Clear and crisp verbal communication is important, but writing has an extra level of permanence. PMs are often writing Product Requirements Documents, which are the foundation of what designers and engineers use to build new features. We detail out exactly what the feature needs to do, and how it should behave in various corner cases. Good writing sucks out ambiguity.

Writing is a muscle that can be built in all different forms. For instance, poetry is meant to evoke certain emotions, or provoke thought, sometimes intentionally with ambiguity. I can’t do that with a Product Requirements Document, but flexing the muscle of writing in a different form strengthens writing in all its forms. It’s more tools in the toolbox, so I can flex between purposefully ambiguous to extremely precise. 

Writers are curious, which helps us ask better questions. Writers probably have the most questionable search history as a result of researching strange things for stories (e.g. “how to hide a murder weapon” – I’m a mystery novelist, not a criminal, I swear!). We also have questions that Google can’t answer, and that’s partly why we write. My first novel, The Vermilion Riddle, is motivated by a series of questions I wanted to explore through the characters and plot.

PMs need to be good question-askers. We don’t write the code for features, and capable engineers are more than able to develop their own project plans and general requirements for how something should work. A PM really adds value through asking the right questions. Ask your data scientist: How often do users use feature A, to inform whether we want to build feature B? Ask your designer: How will this design scale for the next 10 features we might want to add to this interface? Ask your engineer: If we want to build this functionality into our other apps, can we build it in a reusable way that cuts development time in half? I’m dependent on my partners for these answers, but asking the right questions is often what drives the team to make smarter decisions.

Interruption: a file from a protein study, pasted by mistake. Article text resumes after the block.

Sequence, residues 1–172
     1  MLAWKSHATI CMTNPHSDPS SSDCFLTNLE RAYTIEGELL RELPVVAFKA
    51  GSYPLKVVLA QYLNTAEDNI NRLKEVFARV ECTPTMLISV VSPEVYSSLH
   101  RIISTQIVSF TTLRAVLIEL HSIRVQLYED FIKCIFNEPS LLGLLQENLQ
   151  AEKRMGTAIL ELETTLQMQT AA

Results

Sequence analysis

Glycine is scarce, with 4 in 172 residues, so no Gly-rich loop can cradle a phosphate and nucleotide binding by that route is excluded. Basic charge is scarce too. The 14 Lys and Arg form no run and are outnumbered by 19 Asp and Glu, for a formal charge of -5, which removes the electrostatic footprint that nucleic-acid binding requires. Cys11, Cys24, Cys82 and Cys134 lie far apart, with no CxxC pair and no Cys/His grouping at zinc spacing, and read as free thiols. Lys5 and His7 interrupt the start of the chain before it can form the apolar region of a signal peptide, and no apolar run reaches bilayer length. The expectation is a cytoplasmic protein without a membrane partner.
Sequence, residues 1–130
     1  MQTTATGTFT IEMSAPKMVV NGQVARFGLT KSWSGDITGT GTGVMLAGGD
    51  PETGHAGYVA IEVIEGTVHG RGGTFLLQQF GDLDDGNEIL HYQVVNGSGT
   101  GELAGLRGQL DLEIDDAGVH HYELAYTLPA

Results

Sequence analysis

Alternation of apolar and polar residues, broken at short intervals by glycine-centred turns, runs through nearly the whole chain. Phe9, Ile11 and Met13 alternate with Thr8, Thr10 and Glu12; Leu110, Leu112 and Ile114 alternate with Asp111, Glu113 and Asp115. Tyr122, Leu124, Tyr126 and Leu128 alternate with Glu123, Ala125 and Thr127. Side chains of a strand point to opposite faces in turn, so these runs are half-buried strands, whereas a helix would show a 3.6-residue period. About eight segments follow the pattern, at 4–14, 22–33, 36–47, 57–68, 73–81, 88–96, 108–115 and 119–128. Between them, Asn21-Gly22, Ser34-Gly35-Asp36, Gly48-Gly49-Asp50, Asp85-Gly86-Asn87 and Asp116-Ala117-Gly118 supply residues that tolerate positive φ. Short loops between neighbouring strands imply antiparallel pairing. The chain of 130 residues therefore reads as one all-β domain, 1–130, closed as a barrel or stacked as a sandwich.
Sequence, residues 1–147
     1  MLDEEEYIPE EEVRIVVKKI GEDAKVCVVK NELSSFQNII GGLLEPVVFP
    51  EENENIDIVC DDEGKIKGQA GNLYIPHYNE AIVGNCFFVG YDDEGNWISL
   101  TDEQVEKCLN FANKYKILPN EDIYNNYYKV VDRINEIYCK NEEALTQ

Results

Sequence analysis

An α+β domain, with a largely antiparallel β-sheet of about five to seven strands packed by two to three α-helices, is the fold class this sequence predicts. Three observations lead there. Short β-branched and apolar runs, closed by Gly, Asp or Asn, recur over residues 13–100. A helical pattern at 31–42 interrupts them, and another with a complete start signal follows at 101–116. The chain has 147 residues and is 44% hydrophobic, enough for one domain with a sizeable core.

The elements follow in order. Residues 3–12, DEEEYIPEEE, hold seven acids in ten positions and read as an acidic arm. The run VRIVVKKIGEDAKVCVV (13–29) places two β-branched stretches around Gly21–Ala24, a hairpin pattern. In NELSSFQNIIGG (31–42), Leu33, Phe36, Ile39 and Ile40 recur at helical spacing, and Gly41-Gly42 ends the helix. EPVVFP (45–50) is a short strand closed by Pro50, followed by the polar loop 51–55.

Good writers craft a compelling narrative for their product. I really admire my cross-functional partners at work. I admire how designers have a passion for pixel perfect UI that’s intuitive and attractive. I admire how engineers have a relentless drive to solve hard technical problems, whether it’s scaling a platform to support 1000x what it started with, or making a gnarly product requirement a reality.

What value does the PM bring, then? All the “fluffy” stuff?

The PM is responsible for the narrative: articulating the vision for a product, the scale of the problem we are solving, and the users we are building for. Even a product that is objectively impactful loses its power to inspire a team if it’s simply presented as a set of functional requirements or uncontextualized numbers. Think of the hilarious hashtag #ExplainAFilmPlotBadly: One of my favorite films and books, Lord of the Rings, is described as “Group spends 9 hours returning jewelry.” Just like no one would want to watch that movie, no cross-functional team or leadership wants to champion a product that doesn’t have a compelling narrative. We’re made for stories, and that’s what people will remember, even when it comes to building software products.

Photo by Luke Chesser on Unsplash.